salvatore de fazio

Salvatore De Fazio
Sam was my mother’s cousin. (His mother and my maternal grandfather – Eugenio Perri – were sister and brother.) He died today after a two year bout with cancer.

In the picture, he is in the front row, seated on the far left. (Seated – Salvatore, me, Mafalda, Connie and Ciccio.) As a matter of fact, Salvatore gave me this picture. Our copy is lost somewhere in my parents’ house in Sault Ste Marie.

Salvatore’s family is from Corte. His mother was a Perri. My parents lived in Corte after getting married and it’s the neighborhood where I was born. (Our house was next door to Salvatore’s family.) My mother favored her father’s side of the family and many of her best friends are from that branch. (My grandmother’s family is from Santo Stefano – the neighborhood up the hill. And her family house was in that parish, so that when they left for Canada, my parents inherited the house and we moved up the hill. But all my favorite relatives were down in Corte and I constantly went up and down the hillside visiting.)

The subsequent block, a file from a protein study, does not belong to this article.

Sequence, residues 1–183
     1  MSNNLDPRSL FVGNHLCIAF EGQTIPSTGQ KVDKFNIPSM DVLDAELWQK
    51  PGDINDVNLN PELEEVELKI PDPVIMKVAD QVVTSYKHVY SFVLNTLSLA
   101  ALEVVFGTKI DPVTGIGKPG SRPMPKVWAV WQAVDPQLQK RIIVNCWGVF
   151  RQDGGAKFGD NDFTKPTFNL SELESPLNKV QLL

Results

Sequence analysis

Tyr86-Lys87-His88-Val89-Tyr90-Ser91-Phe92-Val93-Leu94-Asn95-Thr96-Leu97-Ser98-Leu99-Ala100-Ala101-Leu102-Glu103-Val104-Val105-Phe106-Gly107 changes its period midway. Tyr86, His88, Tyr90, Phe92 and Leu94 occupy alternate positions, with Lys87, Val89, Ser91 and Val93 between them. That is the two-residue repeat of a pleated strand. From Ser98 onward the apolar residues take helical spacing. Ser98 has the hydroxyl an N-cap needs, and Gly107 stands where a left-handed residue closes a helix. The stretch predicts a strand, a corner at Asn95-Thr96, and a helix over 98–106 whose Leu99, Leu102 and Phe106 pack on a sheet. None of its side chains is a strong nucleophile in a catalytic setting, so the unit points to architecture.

Salvatore left Aprigliano at the same time we did; we traveled to the new world together. Salvatore was there that first night when I ate-up all my soup only to throw it up into the bowl I had just emptied. He was there below deck as I stood and stared at the Orthodox priest and his wife. He was there as Mafalda hid Connie’s chickenpox from the authorities in Halifax. He was there with me as I leaned out the train window and saw a priest in his cassock crossing the rails in the Montreal train-yard. But then he left, taking a south-bound train to St. Catherines. We headed north to my grandparents and Sault Ste Marie.

In Memorium
A couple of hours ago, Mafalda called me to tell me that Sam had died. (I knew Salvatore was very ill. I chose not to go visit him back in October, because I didn’t want to see him dying.) I was in DC, at a bowling alley, with my 10th graders when my phone rang. I stepped into the night into the rain and listened as Mafalda cried. Mafalda’s best friends were from this side of the family, and I too liked this branch, in fact Salvatore was one of my favorites. (From this favorite branch, only Maria Lucente is left in Corte and I always visit with her when I’m in Calabria. BTW, the room she is in, is my parents’ first apartment and I was born in this room.)

Among the extended family, in Canada, Sam is known for his amazing fig-trees. And the fig-trees that grow in my backyard, that grow in Rick and Sarah’s backyard, that grow in Rose and Derrick’s backyard are from Sam’s garden in St. Catherines. (The original cuttings come from the mature trees on his family’s land in Corte.) Mine is a white fig, Sam’s favorite.

Sam, I’ll always think of you, of Corte, of the boat, of the ocean we crossed all those years ago when I look at the fig-trees.